For another reason one must ask why a charitable organization exists in the first place? What reason for them at all? Any of them? The answer is that they only exist because the public doesn't provide for those most in need and with the least means, or doesn't want to fund some things that are for the whole public's benefit. This is to say in other words that the poorer segments of our society, and those in the greatest need, and those deserving of "charity" aren't being provided for by the general public through it's gov'ts (federal, state, local). In real terms this means that voters, in general, don't believe it's the general public's obligation and responsibility to provide for those its society who are in the greatest need and with the least means, or to provide for the general public good (open environmental space). Why doesn't the general public believe it's gov'ts obligation and responsibility in this regard? ... simply because they don't want to pay more in taxes (those with the greatest means don't want to provide for those with the least). In other words, providing for those with the greatest need and least means isn't societies responsibility. Why are religious organizations considered "charitable institutions" and tax exempt?
Without far greater oversight and enforcement, even far tighter regulations defining what a "charitable" organization is, the public is paying by depriving the gov't the tax revenues which could otherwise be used to provide for true support for those with the least means and greatest need and for the general public good.... rather than as it is for so called charities which provide for favorite organizations. The American Cancer Institute and other such "charities"... why isn't cancer research and application of benefits to cancer patients that can't afford the costs of treatments treatments being provided by our taxes?... with direct oversight, directed use of tax funds for the greatest benefit (as opposed to those "cancer treatment centers" that offer "hope" with no real benefit at all to those dying of cancer, just for example). Why should the American Cancer institute, just for one example, pay researchers for cancer research efforts, and then sell the patented results of that research to the drug company's that then charge purchasers exorbitant profits. Shouldn't that publicly funded (by tax revenue loss of charitable contributions) patented research result be in the public domain? If not, why not?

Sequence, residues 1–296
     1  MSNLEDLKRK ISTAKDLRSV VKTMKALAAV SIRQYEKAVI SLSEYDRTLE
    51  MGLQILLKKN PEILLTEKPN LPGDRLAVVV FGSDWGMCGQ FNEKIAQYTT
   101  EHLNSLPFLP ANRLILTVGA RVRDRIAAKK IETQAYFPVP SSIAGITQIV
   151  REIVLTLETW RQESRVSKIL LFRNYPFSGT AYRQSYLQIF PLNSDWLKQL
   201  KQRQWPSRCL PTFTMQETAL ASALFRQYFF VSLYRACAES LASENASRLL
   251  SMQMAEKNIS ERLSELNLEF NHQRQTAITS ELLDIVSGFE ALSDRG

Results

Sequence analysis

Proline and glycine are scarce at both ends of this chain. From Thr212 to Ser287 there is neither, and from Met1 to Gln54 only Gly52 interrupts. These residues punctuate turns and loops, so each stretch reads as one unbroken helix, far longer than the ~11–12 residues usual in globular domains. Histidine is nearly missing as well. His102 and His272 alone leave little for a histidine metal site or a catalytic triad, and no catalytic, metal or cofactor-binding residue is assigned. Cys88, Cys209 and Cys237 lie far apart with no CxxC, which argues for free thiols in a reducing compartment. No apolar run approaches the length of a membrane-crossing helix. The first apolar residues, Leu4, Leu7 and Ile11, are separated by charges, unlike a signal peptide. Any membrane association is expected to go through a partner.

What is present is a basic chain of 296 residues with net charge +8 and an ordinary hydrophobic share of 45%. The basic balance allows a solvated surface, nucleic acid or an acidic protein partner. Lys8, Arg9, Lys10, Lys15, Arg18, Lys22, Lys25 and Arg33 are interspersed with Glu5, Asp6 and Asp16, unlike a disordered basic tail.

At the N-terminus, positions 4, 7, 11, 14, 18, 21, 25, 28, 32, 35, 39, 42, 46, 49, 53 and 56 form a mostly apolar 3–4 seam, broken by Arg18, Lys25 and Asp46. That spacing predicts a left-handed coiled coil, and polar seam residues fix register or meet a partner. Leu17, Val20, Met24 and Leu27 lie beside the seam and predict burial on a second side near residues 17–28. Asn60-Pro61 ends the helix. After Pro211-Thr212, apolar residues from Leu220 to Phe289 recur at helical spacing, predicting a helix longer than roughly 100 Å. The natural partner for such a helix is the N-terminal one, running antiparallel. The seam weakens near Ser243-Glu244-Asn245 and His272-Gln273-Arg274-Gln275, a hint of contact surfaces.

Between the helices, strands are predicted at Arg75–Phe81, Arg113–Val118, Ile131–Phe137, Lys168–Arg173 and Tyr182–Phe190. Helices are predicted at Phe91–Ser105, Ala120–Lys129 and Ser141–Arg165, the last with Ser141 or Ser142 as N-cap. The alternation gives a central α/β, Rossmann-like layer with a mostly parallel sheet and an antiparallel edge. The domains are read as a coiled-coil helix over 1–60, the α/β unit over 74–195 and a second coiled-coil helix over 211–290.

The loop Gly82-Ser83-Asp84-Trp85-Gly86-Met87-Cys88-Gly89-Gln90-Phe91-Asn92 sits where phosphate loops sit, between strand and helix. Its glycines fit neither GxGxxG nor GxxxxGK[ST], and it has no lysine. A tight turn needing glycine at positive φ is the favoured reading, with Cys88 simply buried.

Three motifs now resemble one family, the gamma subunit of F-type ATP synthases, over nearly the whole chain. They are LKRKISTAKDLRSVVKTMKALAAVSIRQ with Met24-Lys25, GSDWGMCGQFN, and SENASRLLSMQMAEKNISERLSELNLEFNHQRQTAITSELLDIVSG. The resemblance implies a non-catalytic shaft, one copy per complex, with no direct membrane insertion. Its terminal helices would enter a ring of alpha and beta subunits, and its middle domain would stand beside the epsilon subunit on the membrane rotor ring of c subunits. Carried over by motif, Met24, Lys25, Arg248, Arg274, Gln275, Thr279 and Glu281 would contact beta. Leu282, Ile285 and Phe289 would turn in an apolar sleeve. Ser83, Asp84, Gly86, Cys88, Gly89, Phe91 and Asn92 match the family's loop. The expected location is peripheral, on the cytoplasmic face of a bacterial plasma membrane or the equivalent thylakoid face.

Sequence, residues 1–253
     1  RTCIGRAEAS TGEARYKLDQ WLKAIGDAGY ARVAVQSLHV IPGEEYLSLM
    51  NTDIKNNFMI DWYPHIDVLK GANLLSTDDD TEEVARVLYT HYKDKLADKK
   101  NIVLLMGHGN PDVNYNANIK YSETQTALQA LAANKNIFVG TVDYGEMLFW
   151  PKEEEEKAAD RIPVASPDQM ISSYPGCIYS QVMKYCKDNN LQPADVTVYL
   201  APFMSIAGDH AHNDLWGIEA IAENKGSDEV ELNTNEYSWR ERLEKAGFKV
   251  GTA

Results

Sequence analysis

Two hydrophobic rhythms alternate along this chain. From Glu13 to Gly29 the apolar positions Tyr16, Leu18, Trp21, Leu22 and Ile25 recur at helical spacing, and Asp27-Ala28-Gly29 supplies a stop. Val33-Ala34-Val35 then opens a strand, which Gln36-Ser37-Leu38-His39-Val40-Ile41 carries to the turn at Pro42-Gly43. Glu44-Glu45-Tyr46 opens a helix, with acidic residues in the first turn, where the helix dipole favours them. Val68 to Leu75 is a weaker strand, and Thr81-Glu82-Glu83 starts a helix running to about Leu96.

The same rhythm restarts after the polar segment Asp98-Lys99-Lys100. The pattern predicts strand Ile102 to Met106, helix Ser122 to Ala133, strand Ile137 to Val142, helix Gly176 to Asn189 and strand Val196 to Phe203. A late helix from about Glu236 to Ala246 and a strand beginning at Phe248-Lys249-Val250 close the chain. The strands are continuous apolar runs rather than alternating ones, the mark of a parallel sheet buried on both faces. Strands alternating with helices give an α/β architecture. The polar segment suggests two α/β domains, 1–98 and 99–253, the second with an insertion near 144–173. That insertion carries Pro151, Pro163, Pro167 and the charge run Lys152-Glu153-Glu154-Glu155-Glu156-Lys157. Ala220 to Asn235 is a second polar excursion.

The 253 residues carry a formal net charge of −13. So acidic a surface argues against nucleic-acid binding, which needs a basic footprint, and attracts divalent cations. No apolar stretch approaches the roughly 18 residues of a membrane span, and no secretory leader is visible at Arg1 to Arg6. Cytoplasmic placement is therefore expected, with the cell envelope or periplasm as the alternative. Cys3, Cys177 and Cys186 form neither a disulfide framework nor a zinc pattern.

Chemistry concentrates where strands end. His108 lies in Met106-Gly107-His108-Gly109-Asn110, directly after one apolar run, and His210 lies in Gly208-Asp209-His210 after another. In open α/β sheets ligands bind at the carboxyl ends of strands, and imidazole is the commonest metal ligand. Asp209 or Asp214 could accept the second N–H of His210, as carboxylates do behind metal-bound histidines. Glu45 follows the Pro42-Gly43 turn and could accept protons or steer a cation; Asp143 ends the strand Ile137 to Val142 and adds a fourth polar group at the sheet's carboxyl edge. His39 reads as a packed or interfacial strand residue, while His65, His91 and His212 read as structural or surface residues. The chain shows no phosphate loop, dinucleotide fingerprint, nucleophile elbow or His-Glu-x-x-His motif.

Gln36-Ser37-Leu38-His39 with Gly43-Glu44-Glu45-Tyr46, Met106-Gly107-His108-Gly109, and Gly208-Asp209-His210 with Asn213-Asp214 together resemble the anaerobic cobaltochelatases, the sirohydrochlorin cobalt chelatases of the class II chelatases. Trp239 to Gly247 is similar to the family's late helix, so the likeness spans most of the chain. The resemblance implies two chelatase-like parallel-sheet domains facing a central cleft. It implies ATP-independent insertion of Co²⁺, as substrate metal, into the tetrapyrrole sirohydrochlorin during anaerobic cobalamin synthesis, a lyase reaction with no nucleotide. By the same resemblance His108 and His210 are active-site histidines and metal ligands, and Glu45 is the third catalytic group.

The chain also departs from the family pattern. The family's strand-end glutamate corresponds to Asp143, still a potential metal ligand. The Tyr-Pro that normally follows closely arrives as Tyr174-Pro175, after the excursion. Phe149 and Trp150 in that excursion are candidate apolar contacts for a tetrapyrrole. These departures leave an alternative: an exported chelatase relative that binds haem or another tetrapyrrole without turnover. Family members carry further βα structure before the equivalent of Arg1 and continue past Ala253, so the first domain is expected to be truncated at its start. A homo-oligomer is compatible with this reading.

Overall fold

Anyway, the issue related to the DVNF charity isn't an isolated case. It's just one that's been brought to the attention of the national media... and only because of that, to the congress to "investigate". Why is it congress that is investigating a single charity? Why isn't there an enforcement unit of the gov't for this? If there is (a gov't enforcement unit), then why did it require a news organization to lead a two year old investigation??